A Sydney suburb which is experiencing ongoing demand due to infrastructure projects and significant development has reached a new milestone.
Liverpool in Sydney’s west this week reached a significant construction milestone with the ‘topping out’ of the first stage of Skyhaus, Liverpool’s tallest residential tower – meaning construction has now reached the top of the 21-storey tower at 420 Macquarie Street.
Once complete, there will be two buildings connected by a five-storey podium.
Tony Johnson, associate director of Lateral Estate, the project’s developer, said more than just being a milestone for Skyhaus, the construction represents the ongoing strength of western Sydney.
“This is an exciting milestone for Skyhaus. The community has been so accommodating and we are proud to deliver them a state-of-the-art residential facility,” he said.
“Liverpool has continued to go from strength to strength over the years and has become a hub for innovation and major infrastructure development including the Westconnex Motorway and the planned Western Sydney Airport at Badgerys Creek.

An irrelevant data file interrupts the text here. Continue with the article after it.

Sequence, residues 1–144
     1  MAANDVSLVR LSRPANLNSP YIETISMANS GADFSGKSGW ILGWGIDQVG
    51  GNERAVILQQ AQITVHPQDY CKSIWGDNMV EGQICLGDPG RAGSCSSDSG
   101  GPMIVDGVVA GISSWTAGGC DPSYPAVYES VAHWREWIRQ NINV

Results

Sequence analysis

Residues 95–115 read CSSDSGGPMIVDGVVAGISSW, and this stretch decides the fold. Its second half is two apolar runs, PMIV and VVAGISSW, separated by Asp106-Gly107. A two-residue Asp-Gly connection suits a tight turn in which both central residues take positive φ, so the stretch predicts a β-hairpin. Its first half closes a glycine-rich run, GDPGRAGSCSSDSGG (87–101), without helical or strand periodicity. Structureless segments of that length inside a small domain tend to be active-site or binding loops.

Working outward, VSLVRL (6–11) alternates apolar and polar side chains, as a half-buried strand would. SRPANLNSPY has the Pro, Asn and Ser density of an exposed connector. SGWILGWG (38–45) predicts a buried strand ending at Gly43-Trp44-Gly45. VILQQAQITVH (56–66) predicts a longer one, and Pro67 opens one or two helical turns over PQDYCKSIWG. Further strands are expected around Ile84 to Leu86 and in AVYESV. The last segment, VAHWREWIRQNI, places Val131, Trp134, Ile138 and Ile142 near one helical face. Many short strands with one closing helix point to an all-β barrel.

“We are experiencing strong demand from people wanting to take advantage of the growing region and get in before it becomes another western Sydney boom area like Parramatta,” he continued.
Since its commencement in 2015, the construction of Skyhaus has created over 200 new construction jobs, with most of the sub-contractors on site coming from western Sydney, Lateral Estate noted.
The development will comprise 439 one-, two- and three-bedroom apartments and will feature resort-style communal facilities including a BBQ area, an oversized outdoor pool and retail outlets on the ground floor.
Stage One will be complete in March 2017, with Stage Two expected in 2018.
Lateral Estate said topping out ceremonies are marked by the lifting of a tree to celebrate reaching the top of a structure – and while this is usually done with a conifer or pine tree, in this instance they used an olive tree to signify the number of Liverpool’s residents who descend from southern Europe.